Another significant reason is that we decided to develop and incorporate an advisory note at the conclusion of every research agenda, which allowed us to put forward a total of 52 extensive recommendations and advisory notes.
During your media appearances, you frequently discuss your knowledge transfer journey from the Western world to Ethiopia’s football development. Could you please expand on that?
The journey of transferring knowledge from the developed world to Ethiopian sport development was an exciting and challenging experience. The study mainly aimed to identify the best practices and lessons learned from the Western sports industry and different countries across the world and transfer them to the Ethiopian context. The process involved various stages, including data collection, analysis, and implementation.
Particularly, I had the opportunity to conduct extensive research on the American sports industry and identify successful strategies that could be transferred and applied in Ethiopia. I also engaged with stakeholders from the Ethiopian sports industry to understand their needs and challenges. The experience as a whole helped me tailor the knowledge transfer process to the specific needs of Ethiopia, but it was not without challenges.
One of the main challenges was adapting the best practices of the developed world to the Ethiopian context. This required cultural, economic, legal, historical, and social sensitivity and adaptation, as well as a deep understanding of the Ethiopian sports industry. Another challenge was ensuring sustainability and local ownership of the knowledge transfer process.
Despite the challenges, the knowledge transfer journey has been a success. We have seen full buy-in from the direct stakeholders of the football industry in the country, such as the Federation’s high officials, the league’s leadership team, regional sport commissioners, club managers, coaches, referees, players, journalists, players’ agents, fans representatives, etc.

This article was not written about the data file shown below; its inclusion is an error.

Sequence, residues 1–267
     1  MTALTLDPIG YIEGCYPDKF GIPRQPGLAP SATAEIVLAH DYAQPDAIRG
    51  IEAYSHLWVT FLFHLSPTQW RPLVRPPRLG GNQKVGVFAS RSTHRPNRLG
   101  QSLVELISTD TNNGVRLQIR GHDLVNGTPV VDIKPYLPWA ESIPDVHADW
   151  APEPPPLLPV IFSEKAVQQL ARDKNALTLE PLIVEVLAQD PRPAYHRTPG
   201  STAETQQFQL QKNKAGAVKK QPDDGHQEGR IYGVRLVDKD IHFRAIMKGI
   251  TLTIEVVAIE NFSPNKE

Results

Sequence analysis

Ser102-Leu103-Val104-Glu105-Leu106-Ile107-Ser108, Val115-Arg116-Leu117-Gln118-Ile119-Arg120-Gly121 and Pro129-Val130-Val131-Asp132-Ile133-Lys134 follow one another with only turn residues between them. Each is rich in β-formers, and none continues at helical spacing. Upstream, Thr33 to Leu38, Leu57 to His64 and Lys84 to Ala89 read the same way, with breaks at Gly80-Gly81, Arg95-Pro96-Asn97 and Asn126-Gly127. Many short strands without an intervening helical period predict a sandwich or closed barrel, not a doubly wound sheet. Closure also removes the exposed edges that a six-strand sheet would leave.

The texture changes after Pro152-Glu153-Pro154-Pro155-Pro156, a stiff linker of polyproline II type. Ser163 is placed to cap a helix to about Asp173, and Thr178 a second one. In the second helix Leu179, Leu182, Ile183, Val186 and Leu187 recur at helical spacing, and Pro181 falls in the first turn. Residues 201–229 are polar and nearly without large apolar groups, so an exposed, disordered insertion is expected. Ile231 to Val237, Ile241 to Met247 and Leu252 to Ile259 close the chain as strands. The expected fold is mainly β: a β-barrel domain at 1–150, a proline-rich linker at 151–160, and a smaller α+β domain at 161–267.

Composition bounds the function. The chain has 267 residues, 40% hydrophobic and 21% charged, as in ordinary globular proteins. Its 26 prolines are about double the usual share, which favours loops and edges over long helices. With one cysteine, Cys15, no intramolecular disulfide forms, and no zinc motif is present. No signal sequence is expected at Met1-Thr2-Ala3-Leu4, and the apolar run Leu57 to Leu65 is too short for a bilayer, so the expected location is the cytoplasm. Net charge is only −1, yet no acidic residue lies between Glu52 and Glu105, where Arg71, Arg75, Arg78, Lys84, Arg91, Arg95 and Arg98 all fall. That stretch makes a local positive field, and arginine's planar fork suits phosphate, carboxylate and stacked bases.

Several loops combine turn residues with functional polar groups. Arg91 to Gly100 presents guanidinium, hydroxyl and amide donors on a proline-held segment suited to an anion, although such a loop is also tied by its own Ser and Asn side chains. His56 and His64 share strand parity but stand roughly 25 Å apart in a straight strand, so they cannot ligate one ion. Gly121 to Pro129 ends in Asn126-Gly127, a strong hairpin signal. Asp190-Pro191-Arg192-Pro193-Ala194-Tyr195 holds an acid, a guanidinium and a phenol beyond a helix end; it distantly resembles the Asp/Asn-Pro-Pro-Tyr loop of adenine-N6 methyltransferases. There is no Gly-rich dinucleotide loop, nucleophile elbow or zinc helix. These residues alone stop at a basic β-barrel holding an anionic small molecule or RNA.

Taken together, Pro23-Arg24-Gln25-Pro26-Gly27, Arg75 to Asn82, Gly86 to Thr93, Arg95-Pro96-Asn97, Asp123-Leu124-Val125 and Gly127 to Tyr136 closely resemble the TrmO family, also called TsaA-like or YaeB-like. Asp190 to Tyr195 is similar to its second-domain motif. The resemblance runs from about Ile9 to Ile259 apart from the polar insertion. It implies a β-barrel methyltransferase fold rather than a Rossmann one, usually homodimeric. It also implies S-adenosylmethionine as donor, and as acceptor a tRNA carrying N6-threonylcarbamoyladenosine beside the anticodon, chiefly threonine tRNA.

Overall, the knowledge transfer journey has been a rewarding and fulfilling experience. I would like to take this opportunity to express my gratitude to Towson University for enabling me to work on research projects that I am enthusiastic about.
What do you believe to be the greatest obstacles to the growth of football in Ethiopia?
Well, one of the things I did when the book was finally published was to put it aside and start making notes about any problems I could identify that might be impeding the development of Ethiopian football. The list of issues I had compiled was then organized thematically.
To your surprise, I was able to pinpoint the five primary issues facing Ethiopian football, which exactly match the five criteria outlined by FIFA in its club licensing regulation. These five problems are infrastructural, legal, financial, sporting, and human resource and organizational structure.
Do you think this book will help fix the football-related problems in Ethiopia? Do you believe it will impact football in Ethiopia?
The advisory notes and the detailed recommendation will transform Ethiopian football development. To start with, the recommendations are based on empirical evidence. We used five data sources.
First, we conducted a lengthy, semi-structured interview with over 90 direct stakeholders in Ethiopian football. Second, we consulted scientific journal articles, and third, we investigated the experiences of over 100 countries. Fourth, we consulted internal documents, and finally, we referred to legal documents ranging from FIFA regulations to Ethiopian labor law. So, the findings are grounded in empirical evidence that makes the advisory notes lasting, meaningful, practical, and effective.
The only thing it needs to have is a committed leadership team that is keen to put the advice offered into action. In this regard, the EPL is fortunate to have a board of directors that is fully committed to implementing all 52 advisory notes on a variety of subjects, ranging from player salaries to club ownership to infrastructure development.
What are your future plans in relation to Ethiopian football?
One of the things we found from our research is how intricate and difficult the governance of Ethiopian football is. Although the study found and suggested a number of solutions for a lot of issues, it also found a number of areas that require further research, which was not at all surprising to us.
The country’s football has a variety of issues that have historically gotten worse with time. That is partly why the league and our company have currently extended their engagement to look into additional issues such as defining the roles and responsibilities of the Federation and the league, developing home-grown players, salary management, designing context-based club ownership structures, and developing a tailored club licensing execution strategy.